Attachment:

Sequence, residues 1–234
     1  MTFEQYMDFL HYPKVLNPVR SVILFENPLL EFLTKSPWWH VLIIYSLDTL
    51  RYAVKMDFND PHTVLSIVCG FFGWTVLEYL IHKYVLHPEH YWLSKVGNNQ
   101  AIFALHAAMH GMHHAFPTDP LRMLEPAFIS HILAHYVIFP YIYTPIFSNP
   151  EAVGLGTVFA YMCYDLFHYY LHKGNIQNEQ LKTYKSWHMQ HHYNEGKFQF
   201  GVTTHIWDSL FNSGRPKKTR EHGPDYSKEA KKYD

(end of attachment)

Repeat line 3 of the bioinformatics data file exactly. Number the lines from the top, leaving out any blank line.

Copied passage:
    51  RYAVKMDFND PHTVLSIVCG FFGWTVLEYL IHKYVLHPEH YWLSKVGNNQ